Brain Fog After COVID Infection: Symptoms, Treatment & Care
The information about long COVID can be confusing and is constantly changing. We’re hearing about new symptoms almost every day. Some of them are easy to understand, like tiredness or headaches. One of the most common symptoms is brain fog. So, what exactly is brain fog?
Here's what you need to know:
What Is Long COVID Brain Fog?
Before explaining brain fog, let’s define long COVID in general.
Long COVID, or long-haul COVID, refers to new, continuing, or recurring symptoms that last at least 4 weeks after the initial COVID-19 infection. The symptoms of long COVID are real - they are not imagined, exaggerated, or caused by anxiety or stress.
Neurological Symptoms of Long COVID
Brain fog is one of several neurological symptoms of long COVID. Neurological symptoms are those that affect the nervous system - the brain, spinal cord, and nerves.
In addition to brain fog after COVID-19 infection, other neurological symptoms may include:
Numbness and tingling
Loss of taste and/or smell
Long COVID Brain Fog
Although the term may be new to you, brain fog or mental fog is exactly what the name suggests - a foggy brain or fuzzy thinking. Brain fog can be one of the most frustrating symptoms of long COVID. It refers to impaired cognitive or mental function.
Medical terms for brain fog/mental fog are cognitive dysfunction, cognitive impairment, impaired cognitive function, or impaired mental function.
Brain fog is not a medical condition - it is a symptom that may be present during initial COVID-19 infection. It may be one of the symptoms that lingers after COVID-19 and it can be a new symptom of long COVID.
What are the Effects of Long COVID Brain Fog on Mental Functioning?
How Common is Long COVID Brain Fog?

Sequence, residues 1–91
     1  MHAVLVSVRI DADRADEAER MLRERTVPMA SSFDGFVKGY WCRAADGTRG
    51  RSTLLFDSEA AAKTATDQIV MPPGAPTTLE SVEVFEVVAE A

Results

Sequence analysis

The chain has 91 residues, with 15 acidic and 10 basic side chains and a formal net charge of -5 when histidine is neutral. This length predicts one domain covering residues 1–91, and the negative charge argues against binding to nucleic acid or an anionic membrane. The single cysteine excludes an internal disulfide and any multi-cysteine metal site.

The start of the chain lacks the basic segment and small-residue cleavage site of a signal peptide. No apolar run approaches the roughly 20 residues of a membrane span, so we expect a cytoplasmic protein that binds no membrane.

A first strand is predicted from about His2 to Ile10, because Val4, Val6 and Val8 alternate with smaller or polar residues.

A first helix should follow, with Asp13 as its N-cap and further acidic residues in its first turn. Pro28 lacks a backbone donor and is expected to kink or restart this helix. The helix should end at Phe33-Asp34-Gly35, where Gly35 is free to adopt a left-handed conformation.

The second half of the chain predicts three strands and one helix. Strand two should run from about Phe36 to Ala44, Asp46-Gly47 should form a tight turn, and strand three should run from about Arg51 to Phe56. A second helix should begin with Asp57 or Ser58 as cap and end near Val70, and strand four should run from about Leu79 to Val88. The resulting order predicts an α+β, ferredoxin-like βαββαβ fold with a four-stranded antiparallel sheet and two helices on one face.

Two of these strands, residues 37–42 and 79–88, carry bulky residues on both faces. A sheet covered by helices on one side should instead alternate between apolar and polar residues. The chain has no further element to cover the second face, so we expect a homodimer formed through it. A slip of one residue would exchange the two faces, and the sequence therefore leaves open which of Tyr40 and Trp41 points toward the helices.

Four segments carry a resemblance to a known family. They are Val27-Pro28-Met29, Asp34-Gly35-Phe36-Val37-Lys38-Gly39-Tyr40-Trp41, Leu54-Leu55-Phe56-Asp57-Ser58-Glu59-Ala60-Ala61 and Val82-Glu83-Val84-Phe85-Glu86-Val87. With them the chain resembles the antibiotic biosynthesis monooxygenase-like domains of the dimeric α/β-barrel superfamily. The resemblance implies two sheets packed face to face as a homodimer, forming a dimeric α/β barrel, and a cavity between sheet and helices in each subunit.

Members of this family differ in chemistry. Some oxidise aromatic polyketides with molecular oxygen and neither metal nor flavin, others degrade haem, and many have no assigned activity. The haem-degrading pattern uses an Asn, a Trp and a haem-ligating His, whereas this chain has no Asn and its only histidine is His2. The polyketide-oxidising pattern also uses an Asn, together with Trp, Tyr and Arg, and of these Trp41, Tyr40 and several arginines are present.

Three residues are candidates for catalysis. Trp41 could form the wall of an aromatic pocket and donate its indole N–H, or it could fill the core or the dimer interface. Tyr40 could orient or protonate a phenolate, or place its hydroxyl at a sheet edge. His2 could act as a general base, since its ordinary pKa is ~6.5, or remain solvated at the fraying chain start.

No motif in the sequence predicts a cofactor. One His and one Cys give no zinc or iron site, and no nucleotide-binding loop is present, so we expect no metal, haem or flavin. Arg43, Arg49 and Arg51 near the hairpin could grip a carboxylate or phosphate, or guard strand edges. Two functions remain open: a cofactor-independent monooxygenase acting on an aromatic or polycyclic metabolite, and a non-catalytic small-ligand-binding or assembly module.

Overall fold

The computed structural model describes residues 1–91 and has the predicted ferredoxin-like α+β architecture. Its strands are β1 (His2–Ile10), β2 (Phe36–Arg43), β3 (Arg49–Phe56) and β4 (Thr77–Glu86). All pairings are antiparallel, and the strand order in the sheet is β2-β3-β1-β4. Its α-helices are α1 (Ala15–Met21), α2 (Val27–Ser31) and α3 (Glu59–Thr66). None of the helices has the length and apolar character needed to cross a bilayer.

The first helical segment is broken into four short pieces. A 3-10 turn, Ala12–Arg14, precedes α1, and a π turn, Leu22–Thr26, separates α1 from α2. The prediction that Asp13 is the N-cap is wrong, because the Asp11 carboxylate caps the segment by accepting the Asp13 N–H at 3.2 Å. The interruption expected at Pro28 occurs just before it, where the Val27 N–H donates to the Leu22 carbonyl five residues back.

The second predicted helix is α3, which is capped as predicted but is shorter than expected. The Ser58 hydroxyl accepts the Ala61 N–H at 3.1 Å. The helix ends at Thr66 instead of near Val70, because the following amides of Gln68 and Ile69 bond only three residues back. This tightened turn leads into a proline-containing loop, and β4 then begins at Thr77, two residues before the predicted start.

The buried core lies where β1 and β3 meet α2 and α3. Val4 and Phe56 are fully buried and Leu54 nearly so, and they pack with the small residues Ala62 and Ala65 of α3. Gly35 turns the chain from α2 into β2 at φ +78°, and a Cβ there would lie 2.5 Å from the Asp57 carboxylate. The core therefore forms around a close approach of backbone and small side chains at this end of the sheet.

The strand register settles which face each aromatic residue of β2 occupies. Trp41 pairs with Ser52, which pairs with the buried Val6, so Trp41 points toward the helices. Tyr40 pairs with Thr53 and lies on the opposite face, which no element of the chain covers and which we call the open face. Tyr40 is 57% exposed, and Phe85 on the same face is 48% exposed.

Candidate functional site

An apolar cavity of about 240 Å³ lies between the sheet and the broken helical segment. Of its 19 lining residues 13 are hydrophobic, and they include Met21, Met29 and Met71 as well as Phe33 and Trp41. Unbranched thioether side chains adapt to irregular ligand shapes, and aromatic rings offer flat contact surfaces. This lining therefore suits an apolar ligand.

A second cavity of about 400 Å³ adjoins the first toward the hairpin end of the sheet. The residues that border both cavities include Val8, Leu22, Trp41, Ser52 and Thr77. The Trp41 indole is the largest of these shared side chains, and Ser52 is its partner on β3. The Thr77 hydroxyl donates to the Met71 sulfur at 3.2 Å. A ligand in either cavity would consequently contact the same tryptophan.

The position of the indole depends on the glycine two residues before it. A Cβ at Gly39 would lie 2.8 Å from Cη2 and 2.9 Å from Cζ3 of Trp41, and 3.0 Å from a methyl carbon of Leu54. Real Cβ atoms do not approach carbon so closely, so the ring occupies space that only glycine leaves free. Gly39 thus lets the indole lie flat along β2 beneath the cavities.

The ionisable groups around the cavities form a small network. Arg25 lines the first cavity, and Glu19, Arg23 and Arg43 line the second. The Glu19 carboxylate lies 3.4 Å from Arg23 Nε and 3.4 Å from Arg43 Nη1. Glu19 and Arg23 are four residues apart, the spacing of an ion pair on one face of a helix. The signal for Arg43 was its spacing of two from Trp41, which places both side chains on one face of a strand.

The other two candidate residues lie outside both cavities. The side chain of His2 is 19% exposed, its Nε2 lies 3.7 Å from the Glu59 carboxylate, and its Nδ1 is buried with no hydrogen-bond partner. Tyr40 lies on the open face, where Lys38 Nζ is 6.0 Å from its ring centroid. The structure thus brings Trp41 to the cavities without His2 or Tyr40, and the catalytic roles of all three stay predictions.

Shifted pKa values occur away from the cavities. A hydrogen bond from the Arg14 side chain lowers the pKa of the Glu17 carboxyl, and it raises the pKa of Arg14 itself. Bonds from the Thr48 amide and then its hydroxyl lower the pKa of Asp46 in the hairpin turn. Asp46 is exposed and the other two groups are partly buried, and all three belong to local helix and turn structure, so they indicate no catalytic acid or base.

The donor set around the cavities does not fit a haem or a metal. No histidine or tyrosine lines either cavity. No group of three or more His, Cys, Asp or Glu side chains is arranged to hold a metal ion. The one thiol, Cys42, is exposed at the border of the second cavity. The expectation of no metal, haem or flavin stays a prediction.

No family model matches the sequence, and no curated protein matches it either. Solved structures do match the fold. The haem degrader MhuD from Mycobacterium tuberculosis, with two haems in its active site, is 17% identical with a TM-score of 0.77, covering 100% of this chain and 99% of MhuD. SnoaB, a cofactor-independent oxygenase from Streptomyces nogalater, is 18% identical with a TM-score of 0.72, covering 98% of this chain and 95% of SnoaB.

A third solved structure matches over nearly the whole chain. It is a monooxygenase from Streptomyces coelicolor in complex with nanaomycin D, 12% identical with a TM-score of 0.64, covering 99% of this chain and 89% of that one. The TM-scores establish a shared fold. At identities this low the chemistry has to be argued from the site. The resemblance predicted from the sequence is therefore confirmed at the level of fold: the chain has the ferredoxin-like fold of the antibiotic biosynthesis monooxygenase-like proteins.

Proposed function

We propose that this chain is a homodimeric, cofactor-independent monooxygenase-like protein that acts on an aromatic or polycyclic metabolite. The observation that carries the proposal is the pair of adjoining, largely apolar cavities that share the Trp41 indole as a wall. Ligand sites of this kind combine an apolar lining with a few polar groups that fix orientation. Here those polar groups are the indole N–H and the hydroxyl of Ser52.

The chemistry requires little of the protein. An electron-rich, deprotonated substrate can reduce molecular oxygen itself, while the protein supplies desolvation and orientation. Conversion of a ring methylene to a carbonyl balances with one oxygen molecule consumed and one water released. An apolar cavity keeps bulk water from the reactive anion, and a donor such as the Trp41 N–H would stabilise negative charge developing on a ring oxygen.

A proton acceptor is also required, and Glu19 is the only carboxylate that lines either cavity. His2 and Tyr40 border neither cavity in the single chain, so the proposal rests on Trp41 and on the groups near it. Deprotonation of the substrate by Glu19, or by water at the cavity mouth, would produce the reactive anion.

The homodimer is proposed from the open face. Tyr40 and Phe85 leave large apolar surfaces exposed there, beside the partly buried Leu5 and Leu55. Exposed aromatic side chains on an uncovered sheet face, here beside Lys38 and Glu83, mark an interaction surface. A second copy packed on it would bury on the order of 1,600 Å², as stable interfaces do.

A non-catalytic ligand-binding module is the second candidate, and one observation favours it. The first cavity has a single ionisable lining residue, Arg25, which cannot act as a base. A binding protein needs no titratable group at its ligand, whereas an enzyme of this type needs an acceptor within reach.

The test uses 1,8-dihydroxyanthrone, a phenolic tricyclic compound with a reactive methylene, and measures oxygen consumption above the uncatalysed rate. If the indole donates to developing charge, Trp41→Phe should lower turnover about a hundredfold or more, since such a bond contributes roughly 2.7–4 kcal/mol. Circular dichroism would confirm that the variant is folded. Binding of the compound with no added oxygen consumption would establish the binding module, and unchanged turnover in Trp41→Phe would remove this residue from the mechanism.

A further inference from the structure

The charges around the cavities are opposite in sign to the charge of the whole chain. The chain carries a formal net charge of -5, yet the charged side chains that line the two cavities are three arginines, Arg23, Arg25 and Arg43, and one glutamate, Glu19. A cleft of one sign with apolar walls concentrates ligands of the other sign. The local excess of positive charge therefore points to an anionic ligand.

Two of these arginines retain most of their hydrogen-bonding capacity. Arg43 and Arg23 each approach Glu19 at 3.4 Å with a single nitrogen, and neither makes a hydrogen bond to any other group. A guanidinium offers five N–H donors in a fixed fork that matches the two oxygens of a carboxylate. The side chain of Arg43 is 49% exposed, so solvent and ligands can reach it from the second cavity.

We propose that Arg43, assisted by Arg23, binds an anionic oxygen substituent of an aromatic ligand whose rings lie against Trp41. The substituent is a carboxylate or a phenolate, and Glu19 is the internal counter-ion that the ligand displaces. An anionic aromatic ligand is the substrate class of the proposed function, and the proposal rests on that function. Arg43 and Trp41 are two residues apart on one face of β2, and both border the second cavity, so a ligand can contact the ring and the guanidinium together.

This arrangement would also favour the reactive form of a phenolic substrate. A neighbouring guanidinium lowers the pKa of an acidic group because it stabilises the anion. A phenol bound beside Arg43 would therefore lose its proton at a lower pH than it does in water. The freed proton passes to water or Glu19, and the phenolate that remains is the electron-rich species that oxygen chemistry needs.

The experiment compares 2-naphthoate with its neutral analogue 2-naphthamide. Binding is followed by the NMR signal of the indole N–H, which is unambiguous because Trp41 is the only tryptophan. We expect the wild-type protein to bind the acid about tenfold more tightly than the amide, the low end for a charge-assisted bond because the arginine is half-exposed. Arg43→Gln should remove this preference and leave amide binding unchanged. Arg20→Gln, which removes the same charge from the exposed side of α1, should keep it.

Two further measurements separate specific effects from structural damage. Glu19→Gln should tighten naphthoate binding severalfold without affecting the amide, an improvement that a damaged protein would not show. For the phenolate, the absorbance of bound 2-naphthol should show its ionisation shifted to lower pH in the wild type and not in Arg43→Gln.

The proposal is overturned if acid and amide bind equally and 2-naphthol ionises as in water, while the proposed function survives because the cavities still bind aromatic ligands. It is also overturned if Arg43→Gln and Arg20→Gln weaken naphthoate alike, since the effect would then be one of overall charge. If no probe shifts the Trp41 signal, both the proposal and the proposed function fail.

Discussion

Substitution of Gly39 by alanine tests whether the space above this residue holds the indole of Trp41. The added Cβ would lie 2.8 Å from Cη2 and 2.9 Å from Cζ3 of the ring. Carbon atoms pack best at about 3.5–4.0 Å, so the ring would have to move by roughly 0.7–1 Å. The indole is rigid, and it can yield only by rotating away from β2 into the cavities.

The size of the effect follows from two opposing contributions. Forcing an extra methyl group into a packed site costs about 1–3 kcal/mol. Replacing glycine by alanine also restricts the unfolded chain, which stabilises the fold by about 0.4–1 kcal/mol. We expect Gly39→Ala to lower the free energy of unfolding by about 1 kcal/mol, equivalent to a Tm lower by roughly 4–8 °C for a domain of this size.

“It is unknown who is most affected by cognitive complaints induced by COVID-19 and how long they persist; however, patient experiences and published summaries of long COVID have described brain fog to be a common and debilitating symptom.”
What are the Risk Factors for Long COVID Brain Fog?
Patients who are female
Patients with respiratory problems at the start of COVID infection
Patients with severe illness or that require intensive care unit (ICU) stays during infection
What Causes Long COVID Brain Fog?
Other conditions/circumstances are often present in those with long COVID and may contribute to brain fog:
Severity of the illness - i.e. severe, acute COVID infection with symptoms leading to decreased oxygen in the brain (hypoxia), etc.
Long hospital stays and, in some cases, complex medical treatments (e.g. use of mechanical ventilation - i.e. “vent”)
What are the Effects of Long COVID on the Brain?
How Does Long COVID Brain Fog Impact a Person’s Life?
An online survey of one thousand adults looked at cognitive impairment and quality of life associated with long COVID. The survey included people who had been infected with COVID-19, people with long COVID, and for comparison, people who had neither. The results clearly showed the impact of long COVID on quality of life.
Those with COVID, particularly long COVID, had higher rates of cognitive dysfunction.
Those with long COVID had greater challenges with work and household responsibilities. They also had higher rates of unemployment and less financial security.